Poetry: Big Red

When I first wrote this, I intended it for Sammi’s weekender. She had set a  prescribed limit of 88 words for the prompt word downpour, “no more, no less.” I was 95 words over. While Sammi has loosened up some of her rules, not that one. So, let’s call this poem, “A Second, Longer Downpour.”


She was a hog, bitchin’ red and heavy,
a real dresser on our outings.
Rider down, I could not lift her load.
I never gave her a name.

Straight pipe loud till I fixed her,
but on road trips, she was
my sweet ride. No hyperbole to say
she hugged road from between my legs.

Headin’ up busy highway north of
Fort Walton Beach when Ma Nature
hawked a torrential loogie thunderstorm.
As we headed back south, we got soaked.

The downpour first felt cold in my crotch.
With soaked windshield, visor, and glasses
I couldn’t see shit. I knew they (cars)
could not see me, or us, maybe not each other.

With us in the middle and idiots in cages
driving seventy while blind, we finally got home.
I cut her motor and dropped her stand.
Lovingly I leaned her left, slid off, and stopped shaking.

Walked into my garage, stripped naked, and
dropped soaked biker cloths right there. Yolonda
asked, “What happened to you?” The storm had passed.
I look at her and said, “I think I wet my pants.”


Look both ways. See and be seen.
Mind the gaps. Mind everything riding your hog.

 

NaPoWriMo: 30 poems in 30 days (day 29)

Day 29 prompt: write a paean to your pet.


Hey, Cat

The mice at the vet’s
always made me feel guilty
when they’d ask me your name.
You were abandoned, neutered,
declawed, and basically fucked
by previous pin-headed possessors.
A bit of a nutless dick,
you bitched and whined
more than any dog, but you were
my cat. I was your human.
We understood each other and
those whiny-ass special
snowflake syndrome sufferers
of your name at the vet’s office
couldn’t believe we appreciated
each other on a level no man’s
best friend could understand.

Your name was Cat. You were The Cat!
Any Salem or Heathcliff worth knowing
would hang with the moniker, — Cat.
Clear, concise, and common.

You were my cat cuz
no one else wanted you. I did.
And you me. (Sort of.)
Rest in peace, Cat.


Look up, down, and both ways for cats and dogs.
Find and mind the gaps in every relationship.

NaPoWriMo: 30 poems in 30 days (day 28)

Day 28 prompt: describe a bedroom from your past in a series of descriptive paragraphs or a poem.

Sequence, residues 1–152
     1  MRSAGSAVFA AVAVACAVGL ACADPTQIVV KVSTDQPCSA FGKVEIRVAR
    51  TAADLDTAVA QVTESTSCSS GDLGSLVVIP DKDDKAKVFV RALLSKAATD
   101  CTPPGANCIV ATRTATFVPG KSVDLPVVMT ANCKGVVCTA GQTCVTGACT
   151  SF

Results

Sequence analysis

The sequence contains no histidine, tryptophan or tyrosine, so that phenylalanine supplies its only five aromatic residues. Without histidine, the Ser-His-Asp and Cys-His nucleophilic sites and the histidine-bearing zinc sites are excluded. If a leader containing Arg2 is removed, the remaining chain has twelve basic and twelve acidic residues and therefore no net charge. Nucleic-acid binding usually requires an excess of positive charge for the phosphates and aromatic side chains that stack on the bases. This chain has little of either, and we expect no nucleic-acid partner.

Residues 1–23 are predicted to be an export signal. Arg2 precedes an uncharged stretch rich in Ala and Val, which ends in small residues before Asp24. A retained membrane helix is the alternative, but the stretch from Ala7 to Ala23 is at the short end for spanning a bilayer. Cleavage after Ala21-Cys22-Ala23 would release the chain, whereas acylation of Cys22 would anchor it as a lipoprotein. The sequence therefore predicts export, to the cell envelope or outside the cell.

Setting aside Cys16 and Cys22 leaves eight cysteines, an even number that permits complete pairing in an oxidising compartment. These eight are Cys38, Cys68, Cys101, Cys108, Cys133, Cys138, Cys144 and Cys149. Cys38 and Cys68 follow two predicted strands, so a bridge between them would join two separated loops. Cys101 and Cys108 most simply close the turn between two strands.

Noreen got Married

Circa 1899, a row of ten two-story homes were built. On the second floor of the third house down from Madison Street, toward Washington, we had four bedrooms, and one bathroom like the other nine, faux-fronted; leaky, flat, black-tar roofed, wood construction row, or block homes, in local vernacular. Now townhomes go up for sale.

Mom & Dad had a front bedroom. Danny was ten and had the other. Down the hall Shirley, about 14, had a room to the right, next to the one small bathroom. The largest room was Noreen’s, who was twenty. I cribbed in my parent’s room.

The house to the left had 11 (9 kids, mostly girls). To the right, a multi-generational family group of about eight, depending on who died or committed suicide. We were a lucky few.

I got Danny’s room when Noreen married and moved three blocks away, and Danny moved to hers. I recall feeling special. My own room, one size up from the bathroom, but mine. And a bed. No crib.

My room had a window but no closet. A chest for things and a small brown metal cabinet. I recall the room larger than it is. I don’t recall the wallpaper. Dad used a steamer to remove it. He painted over bare plaster and lath walls with textured green or blue paint that scratched if you rubbed against it.

Each second-floor room had one lightbulb hanging down in the center with a pull-chain. The only wall switches were push-buttons in the hall stairway, dining room, and going down into the cold, wet, filthy cellar. Electricity was an afterthought.

Rooms had capped, stubbed, pipes sticking out of a wall from when gas was used for lighting. Stubs were convenient to hang things but were live gas lines.

Wood plank floors were covered with linoleum in designs and colors I forget, but all showed traces of wear and the plank flooring beneath. Each ended about a foot from walls.

My room was directly over our living room, or parlor as they liked to call it. It had a vent for heat from a nineteenth century, coal-fired furnace in the dirt-floored cellar.

An old, unused chimney stuck out from my west wall. That prevented my bed from being against the wall, thus leaving a gap on one side, a place to hide magazines and things I did not want Mom to see. They were not nudes or porn, but risqué enough for me as I recall. I never told the priest in confession about the hiding place or what I stashed there.

The street was close below my window and Packy’s saloon was only two houses up, making noise a constant when my window was open, only a bit less loud when not. After we got TV, I’d fall asleep listening to the music of Perry Mason or whatever they watched.

When Danny finally left for the Marines, I moved to the back bedroom – a rite of passage. It had a door to the outside used to sneak out at night until I got caught. But my first bedroom has many stories, some remembered, most forgotten, many denied. It was a big deal in my life, until it wasn’t.


Look both ways in houses with more past than future.
Mind the gaps for cold drafts and loose boards.

Sammi’s Weekender (154): Fabric


It was almost olive drab once,
now faded OD, but green,
the back says, Nothin’s Easy.
A well-worn tee from my days
running or trekking Government
Canyon, near San Antonio. It’s
not a canyon at all.

On the front you can make out
the drawing of the hills,
the name ends with, State
Natural Area
. The crew neck fabric
is tattered from use and washes.

It’s size large to hang loose,
but no longer does.
Do you think it shrunk?
Or have I expanded
my physical surroundings?

If I had a favorite tee,
this might be it,
but I don’t want others to feel
helly-jelly. It’s just a shirt.
Like the brown one I’m wearing now
from my second Cowtown Marathon
that says, opposite the front,
I’m Back. Cuz I was.


Look both ways for ties to tees and memories.
Mind the gaps or it’s the rag bin for sure.

NaPoWriMo: 30 poems in 30 days (day 25)

Day 25 prompt: write a poem using Hymn to Life, a long poem by James Schuyler as a guidepost while following the prompted suggestions of Hoa Nguyen. Write for at least 20 minutes.